Re: statistical study after next Tues election

From: Douglas W. Jones <jones_at_cs_dot_uiowa_dot_edu>
Date: Sun Oct 31 2004 - 10:12:39 CST

On Oct 29, 2004, at 7:40 PM, Kathy Dopp wrote:

> QUESTION: After next Tuesday, I want to see a statistical study (even
> if
> I have to figure out how to do it myself) by county in swing states
> like
> Florida and Ohio, that have different voting systems in different
> counties, to compare election results in counties using paperless DREs
> with election results in counties using other voting machines to
> examine
> if there is any statistical increased evidence/likelihood of election
> rigging/hacking/unexpected-errors with paperless DREs.
>
> This could be done with a list of counties' respective numbers
>
> * type of voting machine,
> * November election results,
> * poll results leading up to the election, and
> * surveys of relative numbers of democrats/republicans, or prior
> election
> results in each county.

Such a study should include, on a county by county basis, the
percent undervote on the presidential race and the percent overvote
(where overvotes are allowed). It is useful to break the totals
into 3 pieces, by county:

   in precinct -- voted on whatever precinct vote collection technology
   postal absentee -- voted on paper ballots, usually machine scanned
   early voting -- paper in some places, DRE in some places

It is important not to lump these together, if this can be helped.
It is also important not to just aggregate all counties using the
same technology, but to look at the spread, within each technology,
depending on the county.

Here's an example from election 2000 in Florida:

   The residual vote (difference between turnout and sum of votes for
   one or another presidential candidate) was about 1.5 percent, on
   average, in counties using Optech optical mark-sense scanners, and
   0.6 percent in counties using Global (now Diebold) precinct-count
   mark-sense scanners. This makes it sound like Optech scanners
   were really inferior. But, the worst counties using either
   technology (Escambia and Washington with Optech, Columbia with
   Global) had residual votes over 3.5 percent, and the best
   counties using either technology had residual votes under 1 percent.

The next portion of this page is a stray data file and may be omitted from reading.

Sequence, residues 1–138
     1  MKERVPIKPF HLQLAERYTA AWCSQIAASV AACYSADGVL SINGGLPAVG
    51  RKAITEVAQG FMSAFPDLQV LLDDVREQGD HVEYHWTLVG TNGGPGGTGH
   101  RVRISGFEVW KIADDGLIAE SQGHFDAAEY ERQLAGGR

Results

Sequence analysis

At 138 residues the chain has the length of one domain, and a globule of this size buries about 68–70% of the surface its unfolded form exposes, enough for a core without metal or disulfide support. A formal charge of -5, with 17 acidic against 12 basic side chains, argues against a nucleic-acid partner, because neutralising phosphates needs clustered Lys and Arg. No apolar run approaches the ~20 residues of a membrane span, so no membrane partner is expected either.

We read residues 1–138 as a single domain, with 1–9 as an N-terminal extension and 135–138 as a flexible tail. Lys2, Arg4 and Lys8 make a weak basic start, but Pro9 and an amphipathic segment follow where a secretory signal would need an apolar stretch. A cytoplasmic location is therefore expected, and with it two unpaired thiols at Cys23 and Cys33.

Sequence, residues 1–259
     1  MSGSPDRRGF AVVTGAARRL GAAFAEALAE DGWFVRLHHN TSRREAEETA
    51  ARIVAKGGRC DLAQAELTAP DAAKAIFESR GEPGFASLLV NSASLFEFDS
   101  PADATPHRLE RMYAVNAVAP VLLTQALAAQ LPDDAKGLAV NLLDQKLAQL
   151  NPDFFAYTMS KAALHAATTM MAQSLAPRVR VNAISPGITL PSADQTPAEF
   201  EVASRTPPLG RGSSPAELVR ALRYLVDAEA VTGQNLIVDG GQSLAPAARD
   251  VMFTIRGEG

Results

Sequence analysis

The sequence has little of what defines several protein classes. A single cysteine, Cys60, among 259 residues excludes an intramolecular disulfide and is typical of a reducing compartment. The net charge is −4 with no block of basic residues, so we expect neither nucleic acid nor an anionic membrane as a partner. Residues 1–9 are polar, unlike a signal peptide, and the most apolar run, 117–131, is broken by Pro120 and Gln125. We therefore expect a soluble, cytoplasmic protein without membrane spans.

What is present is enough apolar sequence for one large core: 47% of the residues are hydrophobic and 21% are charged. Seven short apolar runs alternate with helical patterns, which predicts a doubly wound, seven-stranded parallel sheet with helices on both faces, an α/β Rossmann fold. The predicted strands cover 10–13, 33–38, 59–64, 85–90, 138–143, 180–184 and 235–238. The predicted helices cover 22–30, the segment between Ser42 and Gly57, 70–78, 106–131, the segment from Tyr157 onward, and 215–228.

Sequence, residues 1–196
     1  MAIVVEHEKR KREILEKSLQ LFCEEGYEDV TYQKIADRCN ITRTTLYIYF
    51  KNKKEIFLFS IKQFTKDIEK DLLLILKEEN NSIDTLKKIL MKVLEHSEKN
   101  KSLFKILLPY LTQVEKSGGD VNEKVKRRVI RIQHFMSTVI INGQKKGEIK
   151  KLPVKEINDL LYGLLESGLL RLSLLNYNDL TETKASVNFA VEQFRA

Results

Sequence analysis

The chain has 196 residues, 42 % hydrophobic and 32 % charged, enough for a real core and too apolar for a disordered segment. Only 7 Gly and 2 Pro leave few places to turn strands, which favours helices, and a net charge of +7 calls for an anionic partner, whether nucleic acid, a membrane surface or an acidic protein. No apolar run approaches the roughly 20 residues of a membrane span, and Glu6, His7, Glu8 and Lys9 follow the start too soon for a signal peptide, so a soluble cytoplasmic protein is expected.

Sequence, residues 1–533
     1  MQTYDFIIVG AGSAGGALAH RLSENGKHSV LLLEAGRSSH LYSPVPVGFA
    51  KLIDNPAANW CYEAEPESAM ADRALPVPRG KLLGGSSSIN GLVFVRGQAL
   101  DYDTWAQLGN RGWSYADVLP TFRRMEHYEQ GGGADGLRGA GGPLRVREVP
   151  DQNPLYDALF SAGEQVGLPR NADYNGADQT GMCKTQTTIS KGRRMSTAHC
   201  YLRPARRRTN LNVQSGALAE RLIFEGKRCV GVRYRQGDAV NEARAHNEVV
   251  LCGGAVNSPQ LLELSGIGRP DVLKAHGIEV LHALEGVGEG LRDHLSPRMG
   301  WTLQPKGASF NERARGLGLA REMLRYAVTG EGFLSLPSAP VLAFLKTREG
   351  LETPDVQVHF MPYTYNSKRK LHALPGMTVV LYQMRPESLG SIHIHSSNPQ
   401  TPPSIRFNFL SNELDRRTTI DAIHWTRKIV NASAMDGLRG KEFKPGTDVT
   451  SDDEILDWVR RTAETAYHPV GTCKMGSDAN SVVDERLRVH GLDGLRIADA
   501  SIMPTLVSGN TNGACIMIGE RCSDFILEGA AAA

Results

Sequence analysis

The big question in my mind is, what did these 3 counties do really
   badly, and what did the best counties (more numerous with both
   brands of scanners) do right?

This example illustrates the danger of just folding all the counties
together into one figure for residual vote. The study must make it
clear whether the residual figures were very consistent from county
to county (probably evidence that the residual vote is a character
of the voting system) or whether the residual vote varies widely with
county (probably evidence that the residual vote is a character of
the administration -- and depending on how many counties exhibit
what residual vote rates, evidence of how easy the technology is to
mis-administer).

Getting hold of the necessary info is fairly easy -- but it varies by
state. Some states, like Florida, make this easy. Just go to the
secretary of state's web site and download the statewide results.
They're typically available broken down by precinct, but county-wide
totals are also offered. Some figures aren't released immediately,
but only come out later.

Visit county web sites. You can grab sample ballots there, and these
samples are important!

Do get the figures before the recount season begins! Don't let lawyers
meddle with the numbers you use in this kind of statistical analysis.

                Doug Jones
                jones@cs.uiowa.edu
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Received on Mon Nov 1 15:28:57 2004

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